Sociopath Wannabe…?

Reading through the 7th book of Anita Blake again, it brought back something I’ve wondered for quite a while. Can any one of us get to a point whereby we could kill without remorse, without regret? We take a person’s life and sleep soundly at night, never letting it bother you?

In Anita Blake there is a point where she wonders if she is more a monster than the ones she kills simply not because she has no regret over her actions, but because it doesn’t bother her that she has no regret. How does a person come to that state? I can understand the years of training and maybe abuse to come to that. But what about the ones of us who lead almost normal (and slightly dysfunctioanal) lives? Can one turn sociopathic in the space of a few years or even months without realising they walked off the abyss?

Sometimes I wonder what it’s like to be a true sociopath. To feel no remorse, not guilt, no compassion towards what society dubs as wrong. To feel nothing really towards nothing but the world you built around yourself. Would I get to a point where I would enjoy the thrill of hunting a person? Most probably. What about to kill someone? Maybe…I don’t know. Depends how far across that abyss I walked.

Oh how far have the mighty fallen from grace…when all we can think off is blood’s metallic taste?

3 thoughts on “Sociopath Wannabe…?

  1. “Man is something that ought be overcome.” (Nietzsche)

    Now, I consider myself a humanitarian, I love to live around people and find their company an important and life-affirming aspect of my existence. I know how to care for people and things – I think – but I am always amused at how people can be so concerned with benevolence, kindness, selflessness, regret, morality, guilt and fear. I had thought these notions so out-of-date.

    I was curious about your post, so I tried an informal online test and curiously found that I qualify as a ‘sociopath’. Peculiar label. Either way, I’ve come here to explain exactly what its like to be a ‘sociopath’.

    1) I feel nothing towards anyone. I don’t care about you, but I love to make you think I do. Any deep feelings of animosity are temporary and I can shake them off.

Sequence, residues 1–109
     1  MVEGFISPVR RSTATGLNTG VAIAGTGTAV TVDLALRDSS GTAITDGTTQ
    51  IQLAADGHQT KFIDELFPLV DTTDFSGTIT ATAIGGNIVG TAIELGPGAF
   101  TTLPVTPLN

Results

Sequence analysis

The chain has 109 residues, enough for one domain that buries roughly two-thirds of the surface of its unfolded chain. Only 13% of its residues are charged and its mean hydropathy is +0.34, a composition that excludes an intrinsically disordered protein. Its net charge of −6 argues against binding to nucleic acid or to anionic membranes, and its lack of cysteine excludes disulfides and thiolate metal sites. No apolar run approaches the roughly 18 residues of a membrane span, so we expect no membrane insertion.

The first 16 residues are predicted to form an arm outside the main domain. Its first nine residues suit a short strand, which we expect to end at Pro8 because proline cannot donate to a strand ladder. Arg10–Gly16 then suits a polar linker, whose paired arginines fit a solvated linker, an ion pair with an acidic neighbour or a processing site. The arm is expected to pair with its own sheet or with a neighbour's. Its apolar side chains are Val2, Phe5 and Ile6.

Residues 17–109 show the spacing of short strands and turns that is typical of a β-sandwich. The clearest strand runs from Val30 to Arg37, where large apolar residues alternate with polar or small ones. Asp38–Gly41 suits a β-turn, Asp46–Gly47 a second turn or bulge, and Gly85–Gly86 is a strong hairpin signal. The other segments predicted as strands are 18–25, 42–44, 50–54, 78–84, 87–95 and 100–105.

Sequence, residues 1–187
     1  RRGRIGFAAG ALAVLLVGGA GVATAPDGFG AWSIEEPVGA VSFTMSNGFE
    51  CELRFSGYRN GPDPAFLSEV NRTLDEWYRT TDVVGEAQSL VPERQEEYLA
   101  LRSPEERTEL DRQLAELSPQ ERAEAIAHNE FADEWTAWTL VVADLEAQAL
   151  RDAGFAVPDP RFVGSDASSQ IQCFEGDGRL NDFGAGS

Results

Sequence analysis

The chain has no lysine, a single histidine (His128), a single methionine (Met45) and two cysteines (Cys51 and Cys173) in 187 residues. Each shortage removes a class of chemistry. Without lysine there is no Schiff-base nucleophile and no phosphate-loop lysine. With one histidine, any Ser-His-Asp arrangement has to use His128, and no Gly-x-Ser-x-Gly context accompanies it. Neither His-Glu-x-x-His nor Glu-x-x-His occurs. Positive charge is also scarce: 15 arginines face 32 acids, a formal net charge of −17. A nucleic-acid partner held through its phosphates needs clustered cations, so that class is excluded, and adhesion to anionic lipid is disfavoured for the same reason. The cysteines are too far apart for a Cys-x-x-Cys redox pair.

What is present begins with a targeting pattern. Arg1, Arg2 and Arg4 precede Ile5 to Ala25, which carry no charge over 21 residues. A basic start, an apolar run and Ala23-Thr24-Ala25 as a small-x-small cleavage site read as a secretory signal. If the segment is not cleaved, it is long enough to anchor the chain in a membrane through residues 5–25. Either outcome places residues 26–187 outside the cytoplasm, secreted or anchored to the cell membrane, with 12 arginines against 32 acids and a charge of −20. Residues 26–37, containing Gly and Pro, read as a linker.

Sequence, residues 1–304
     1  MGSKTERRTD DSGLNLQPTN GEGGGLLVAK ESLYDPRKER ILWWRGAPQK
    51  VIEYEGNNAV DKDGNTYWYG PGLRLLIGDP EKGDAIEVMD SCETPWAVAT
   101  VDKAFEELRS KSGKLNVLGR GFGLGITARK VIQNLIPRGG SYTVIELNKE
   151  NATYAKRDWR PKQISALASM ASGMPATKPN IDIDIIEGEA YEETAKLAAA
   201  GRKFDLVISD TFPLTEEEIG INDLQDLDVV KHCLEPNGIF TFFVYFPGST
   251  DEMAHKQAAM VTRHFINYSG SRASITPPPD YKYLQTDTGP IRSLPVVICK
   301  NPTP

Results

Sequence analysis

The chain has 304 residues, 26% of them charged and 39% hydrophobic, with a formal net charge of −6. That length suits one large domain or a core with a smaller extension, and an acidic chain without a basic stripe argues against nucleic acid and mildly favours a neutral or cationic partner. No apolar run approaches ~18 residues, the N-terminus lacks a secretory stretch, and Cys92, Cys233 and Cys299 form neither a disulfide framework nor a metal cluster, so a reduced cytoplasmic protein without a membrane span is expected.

2) I know I am too strong to be concerned with the trivial circumstances of social rituals. I do not adhere to the law or any other force – I abide by it.

    3) I don’t care if you don’t like me. I want your attention. I want something exciting and life-affirming. I could kill you in your sleep and not feel a thing – but frankly, why the hell would I go to that trouble for some-one as worthless as you? Serial killers and saintly volunteer workers are weak individuals.

    Anyway, thank-you for your post – it was quite fascinating!

  2. Anthony. Your comment reads like you read it from wikipedia. You’ve read a list of sociopathic traits, re-written it and posted it on here. Your self-diagnosis of sociopathy based on a single online quiz is embarassing. You’re a disgrace.

  3. Kamigoroshi:

    I’d imagine the subjective experience would be no different from the way you feel right now. The biggest difference would be in the way you perceive the world around you. Right now, when something bad happens to other people, it’s a big deal for you. It’s almost like something has happened to you personally. For a sociopath, it’s more like something happened to an object. If it’s an object that you were fond of for some reason, you might be unhappy with the effect it will have on your life, but you wouldn’t feel any more compassion for the person in question than you would for your favorite pen were it to break. You may fake it if if you think it will help, similar to the way you might try to repair that broken pen, but ultimately the person, like the pen, is replaceable.

    Whether you’d get to the point where you enjoyed hunting people has more to do with other personal traits. Do you get pleasure out of breaking inanimate objects? How about killing friendly NPCs in single player video games? Unless there’s a purpose, for example advancement or revenge (like destroying a car or appliance that has annoyed and frustrated you one too many times), why put yourself or your image in danger? Even if there wasn’t any risk involved, why bother?

    I think people misunderstand sociopathy as something that requires criminal or malicious intent, and it is, in fact, part of the official diagnostic criteria; however, there is no broader diagnosis which applies only to those without conscience or a heart-felt sense of right or wrong. In my opinion, this constitutes the actual disorder, and the rest is all a matter of individuality and preference.

    For example, it seems crazy to come create separate disorders for obsessive types who take a particular interest in sports, video games, people, fashion, etc. Take away the obsessive traits, and you have a normal person who wouldn’t spend unhealthy amounts of time or resources on their favorite hobby; however, if you take away the hobby instead, you’re still left with an obsessive person whose disorder will find another way to manifest. I see Sociopathy in much the same way. If you take away the destructive tendencies, you’ll still have a human being with no inherent sense of right or wrong, without a conscience. If you give that man a conscience, though, he’ll become more honest and he’ll do damage to property instead of people.

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